55. 2007 – Frank Bainimarama announces plans to hold elections in 2010.
  56. 2007 – Frank Bainimarama sacks the Great Council of Chiefs and suspends all future meetings, after the chiefs refuse to endorse his government and his nomination for vice president.
  57. 2007 – Frank Bainimarama says police have foiled a plot to assassinate him.
  58. 2007 – Population of ethnic groups in Fiji: iTaukei 56.8% (Indigenous Fijians), Indian 37.5% (local ethnic Indian Fijians), and the balance 5.7% (others).
  59. 2008 – Frank Bainimarama appoints himself as chairman of the Great Council of Chiefs (GCC), a body he suspended after it failed to back his December 2006 coup.
  60. 2008 – Frank Bainimarama postpones elections promised for early 2009, on the grounds that electoral reforms could not be completed in time.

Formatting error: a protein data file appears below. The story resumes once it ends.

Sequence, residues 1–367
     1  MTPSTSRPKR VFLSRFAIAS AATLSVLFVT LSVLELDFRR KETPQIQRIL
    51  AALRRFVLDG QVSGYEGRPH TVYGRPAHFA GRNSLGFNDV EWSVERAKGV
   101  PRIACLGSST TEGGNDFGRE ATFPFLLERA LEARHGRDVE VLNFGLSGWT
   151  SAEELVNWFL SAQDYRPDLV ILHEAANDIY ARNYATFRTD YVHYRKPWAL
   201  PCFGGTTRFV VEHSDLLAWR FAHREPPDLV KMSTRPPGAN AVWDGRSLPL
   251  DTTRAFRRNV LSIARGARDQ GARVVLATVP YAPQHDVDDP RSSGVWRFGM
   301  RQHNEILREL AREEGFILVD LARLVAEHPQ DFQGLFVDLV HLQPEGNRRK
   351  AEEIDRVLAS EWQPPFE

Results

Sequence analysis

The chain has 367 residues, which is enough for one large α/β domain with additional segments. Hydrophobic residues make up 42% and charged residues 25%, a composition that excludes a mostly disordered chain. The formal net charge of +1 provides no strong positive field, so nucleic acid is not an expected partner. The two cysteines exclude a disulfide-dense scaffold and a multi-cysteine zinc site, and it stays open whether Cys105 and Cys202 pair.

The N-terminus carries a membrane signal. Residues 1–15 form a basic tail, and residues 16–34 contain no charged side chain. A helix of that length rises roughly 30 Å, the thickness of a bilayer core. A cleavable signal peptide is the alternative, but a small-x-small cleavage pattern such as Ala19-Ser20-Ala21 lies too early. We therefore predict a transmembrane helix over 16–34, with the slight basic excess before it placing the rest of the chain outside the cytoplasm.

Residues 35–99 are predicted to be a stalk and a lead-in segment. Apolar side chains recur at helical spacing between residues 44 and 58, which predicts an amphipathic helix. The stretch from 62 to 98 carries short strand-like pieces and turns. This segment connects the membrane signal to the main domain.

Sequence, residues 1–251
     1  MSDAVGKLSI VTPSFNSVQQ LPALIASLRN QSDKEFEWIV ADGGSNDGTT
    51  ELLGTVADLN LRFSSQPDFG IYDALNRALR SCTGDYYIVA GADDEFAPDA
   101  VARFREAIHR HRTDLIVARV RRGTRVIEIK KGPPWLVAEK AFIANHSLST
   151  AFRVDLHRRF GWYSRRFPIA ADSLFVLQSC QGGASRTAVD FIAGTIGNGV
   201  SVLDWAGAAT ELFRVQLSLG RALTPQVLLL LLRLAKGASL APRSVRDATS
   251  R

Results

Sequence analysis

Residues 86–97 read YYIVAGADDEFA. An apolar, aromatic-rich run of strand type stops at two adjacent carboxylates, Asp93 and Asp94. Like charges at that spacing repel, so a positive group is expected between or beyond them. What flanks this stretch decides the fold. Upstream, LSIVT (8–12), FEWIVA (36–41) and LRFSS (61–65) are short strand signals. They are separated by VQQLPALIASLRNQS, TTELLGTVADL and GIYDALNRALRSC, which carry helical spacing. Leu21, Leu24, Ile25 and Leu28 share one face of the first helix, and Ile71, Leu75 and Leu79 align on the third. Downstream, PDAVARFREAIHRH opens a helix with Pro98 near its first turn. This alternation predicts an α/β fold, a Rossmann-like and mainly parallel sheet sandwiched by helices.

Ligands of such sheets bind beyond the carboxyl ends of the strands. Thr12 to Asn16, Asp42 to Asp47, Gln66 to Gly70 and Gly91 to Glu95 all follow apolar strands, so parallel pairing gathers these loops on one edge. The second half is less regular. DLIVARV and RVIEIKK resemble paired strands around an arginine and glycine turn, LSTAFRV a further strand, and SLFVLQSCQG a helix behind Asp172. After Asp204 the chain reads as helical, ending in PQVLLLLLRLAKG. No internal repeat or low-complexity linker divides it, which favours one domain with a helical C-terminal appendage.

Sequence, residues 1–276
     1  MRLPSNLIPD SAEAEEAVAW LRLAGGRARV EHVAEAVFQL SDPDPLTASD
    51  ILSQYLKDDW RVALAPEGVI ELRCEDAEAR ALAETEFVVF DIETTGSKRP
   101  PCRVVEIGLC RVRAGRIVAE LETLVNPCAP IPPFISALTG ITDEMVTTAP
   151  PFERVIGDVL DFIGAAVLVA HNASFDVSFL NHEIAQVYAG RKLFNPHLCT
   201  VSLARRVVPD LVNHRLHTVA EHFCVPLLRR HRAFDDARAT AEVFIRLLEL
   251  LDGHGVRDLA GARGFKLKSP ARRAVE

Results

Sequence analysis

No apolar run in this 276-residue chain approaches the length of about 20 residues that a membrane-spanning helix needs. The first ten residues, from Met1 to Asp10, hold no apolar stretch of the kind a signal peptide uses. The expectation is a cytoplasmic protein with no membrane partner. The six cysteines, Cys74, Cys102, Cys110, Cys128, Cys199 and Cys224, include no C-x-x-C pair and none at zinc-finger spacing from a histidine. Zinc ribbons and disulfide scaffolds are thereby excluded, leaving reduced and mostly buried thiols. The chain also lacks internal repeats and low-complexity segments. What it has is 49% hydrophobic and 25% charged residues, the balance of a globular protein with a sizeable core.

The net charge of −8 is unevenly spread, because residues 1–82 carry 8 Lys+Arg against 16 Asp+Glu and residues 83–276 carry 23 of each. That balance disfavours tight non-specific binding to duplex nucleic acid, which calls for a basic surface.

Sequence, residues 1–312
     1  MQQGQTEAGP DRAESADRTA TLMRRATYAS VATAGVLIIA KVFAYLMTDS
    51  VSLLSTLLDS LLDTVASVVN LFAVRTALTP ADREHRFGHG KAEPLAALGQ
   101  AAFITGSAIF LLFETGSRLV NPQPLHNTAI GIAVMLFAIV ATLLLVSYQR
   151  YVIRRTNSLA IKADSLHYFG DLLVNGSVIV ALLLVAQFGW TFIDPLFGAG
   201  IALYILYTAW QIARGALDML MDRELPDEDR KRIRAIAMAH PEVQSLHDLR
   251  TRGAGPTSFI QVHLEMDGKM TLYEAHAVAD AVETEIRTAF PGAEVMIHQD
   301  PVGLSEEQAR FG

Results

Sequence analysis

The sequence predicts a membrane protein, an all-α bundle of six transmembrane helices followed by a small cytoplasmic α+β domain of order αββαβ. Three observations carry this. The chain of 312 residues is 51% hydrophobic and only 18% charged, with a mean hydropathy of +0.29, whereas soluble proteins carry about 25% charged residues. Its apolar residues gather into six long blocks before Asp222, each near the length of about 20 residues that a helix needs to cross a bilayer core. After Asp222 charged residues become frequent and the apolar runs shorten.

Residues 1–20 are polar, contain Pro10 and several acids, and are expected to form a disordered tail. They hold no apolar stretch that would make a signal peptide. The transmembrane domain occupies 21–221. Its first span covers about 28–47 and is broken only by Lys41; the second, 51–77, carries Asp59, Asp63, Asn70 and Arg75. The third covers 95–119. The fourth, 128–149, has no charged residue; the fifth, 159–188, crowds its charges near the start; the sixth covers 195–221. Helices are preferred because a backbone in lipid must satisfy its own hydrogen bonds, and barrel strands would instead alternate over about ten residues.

61. 2008 – South Pacific leaders warn Fiji that it faces suspension from their regional grouping if it fails to show progress towards holding elections.
  62. 2009 – Pacific leaders demand Fiji hold elections by the end of the year.
  63. 2009 – Appeal Court rules the military regime was illegally appointed after the 2006 coup and says a caretaker prime minister should be appointed to call elections to restore democracy.
  64. 2009 – President Ratu Josefa Iloilo repeals the constitution, appoints himself head of state, sets a 2014 election deadline, and sacks all the judges. He then reappoints military chief Frank Bainimarama as interim prime minister. Martial law is imposed.
  65. 2009 – South Pacific nations suspend Fiji from the Pacific Islands Forum regional bloc for its failure to hold elections.
  66. 2009 – Frank Bainimarama unveils plans for a new constitution by 2013, ahead of elections in 2014. He says that under the proposed changes, the ethnic-based system introduced in 1997 will be scrapped.
  67. 2009 – President Ratu Josefa Iloilo steps down, succeeded on an interim basis by Vice-President Epeli Nailatikau.